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India’s Per Capita Greenhouse Gas Emissions Below World Average: UNEP

At 2.4 tCO2e (tonne carbon dioxide equivalent), India’s per capita greenhouse gas emissions were far below the world average of 6.3 tCO2e in 2020, according to a new report released by the United Nations Environment Programme October 27.

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What The Report Pointed Out:

The “Emissions Gap Report 2022: The Closing Window”, released ahead of the UN Climate Change conference (COP27) in Egypt next month, also said the international community is still falling far short of the Paris goals, with no credible pathway to limiting global temperature rise to 1.5 degree Celsius in place. To address climate change, countries adopted the Paris Agreement in 2015 to limit global temperature rise in this century to well below 2 degrees Celsius, preferably to 1.5 degrees Celsius, compared to pre-industrial levels.

The World Scenario & India:

World average per capita GHG emissions (including land use, land-use change, and forestry) were 6.3 tCO2e in 2020. The US remains far above this level at 14 tCO2e, followed by 13 tCO2e in the Russian Federation, 9.7 tCO2e in China, about 7.5 tCO2e in Brazil and Indonesia, and 7.2 tCO2e in the European Union.”

India remains far below the world average at 2.4 tCO2e. On average, least developed countries emit 2.3 tCO2e per capita annually,” the report said. Per capita emissions range widely across G20 members: emissions of India are about half of the G20 average, whereas Saudi Arabia reaches more than twice the G20, it said. India’s contribution to historical cumulative CO2 emissions is three per cent, whereas the US and the EU have contributed 25 per cent and 17 per cent respectively to total fossil CO2 emissions from 1850 to 2019.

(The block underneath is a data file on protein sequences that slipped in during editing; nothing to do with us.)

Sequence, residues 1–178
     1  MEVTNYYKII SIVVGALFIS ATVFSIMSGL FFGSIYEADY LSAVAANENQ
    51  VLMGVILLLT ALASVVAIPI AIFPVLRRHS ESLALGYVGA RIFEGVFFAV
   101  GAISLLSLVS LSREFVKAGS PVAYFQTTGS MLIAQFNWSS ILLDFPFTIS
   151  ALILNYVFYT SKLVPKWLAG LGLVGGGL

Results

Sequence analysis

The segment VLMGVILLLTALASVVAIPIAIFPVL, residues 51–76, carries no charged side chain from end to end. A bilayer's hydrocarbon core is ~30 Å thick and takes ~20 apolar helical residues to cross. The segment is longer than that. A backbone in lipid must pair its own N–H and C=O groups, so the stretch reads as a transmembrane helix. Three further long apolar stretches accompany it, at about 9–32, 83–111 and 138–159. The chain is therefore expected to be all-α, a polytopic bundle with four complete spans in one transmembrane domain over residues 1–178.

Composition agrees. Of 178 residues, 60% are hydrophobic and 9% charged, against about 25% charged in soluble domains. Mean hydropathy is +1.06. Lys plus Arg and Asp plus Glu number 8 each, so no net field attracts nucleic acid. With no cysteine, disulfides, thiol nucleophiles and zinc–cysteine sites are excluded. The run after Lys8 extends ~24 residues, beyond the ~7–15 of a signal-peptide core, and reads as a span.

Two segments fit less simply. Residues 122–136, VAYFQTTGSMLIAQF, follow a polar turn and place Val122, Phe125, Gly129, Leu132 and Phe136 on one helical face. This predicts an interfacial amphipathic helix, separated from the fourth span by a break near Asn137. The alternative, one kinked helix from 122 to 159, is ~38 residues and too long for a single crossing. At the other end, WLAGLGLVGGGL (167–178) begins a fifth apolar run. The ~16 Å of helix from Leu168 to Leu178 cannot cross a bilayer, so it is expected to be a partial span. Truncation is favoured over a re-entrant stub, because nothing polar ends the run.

China contributed 13 per cent, the Russian Federation seven per cent, and Indonesia and Brazil one per cent each. Least developed countries contributed only 0.5 per cent to historical CO2 fossil fuel and industry emissions between 1850 and 2019.

The Inadequate Progress: A Worrisome Case:

The report said despite a decision by all countries at the 2021 climate summit in Glasgow (UK) to strengthen nationally determined contribution (NDCs) and some updates from nations, progress has been “woefully inadequate”.

NDCs submitted this year take only 0.5 gigatonnes of CO2 equivalent, less than one per cent, off the projected global emissions in 2030. Unconditional NDCs are estimated to give a 66 per cent chance of limiting global warming to about 2.6 degrees Celsius over the century. For conditional NDCs, those that are dependent on external support, this figure is reduced to 2.4 degrees Celsius, it said. Current policies alone would lead to a 2.8 degrees Celsius hike, highlighting the temperature implications of the gap between promises and action, it said.

In the best-case scenario, full implementation of unconditional NDCs and additional net-zero emissions commitments point to only a 1.8 degrees Celsius increase. However, this scenario is not currently credible based on the discrepancy between current emissions, short-term NDC targets and long-term net-zero targets.

Core Problem & Solution:

Inger Andersen, Executive Director of UNEP said, “We had our chance to make incremental changes, but that time is over. Only a root-and-branch transformation of our economies and societies can save us from accelerating climate disaster,” Inger Andersen said.

To meet the Paris Agreement goals, the world needs to reduce greenhouse gases by unprecedented levels over the next eight years. Unconditional and conditional NDCs are estimated to reduce global emissions in 2030 by five and 10 per cent respectively, compared with emissions based on policies currently in place. To get on a least-cost pathway to holding global warming to 1.5 degree Celsius, emissions must fall by 45 per cent over those envisaged under current policies by 2030. For the two degrees Celsius target, a 30 per cent cut is needed, it said.

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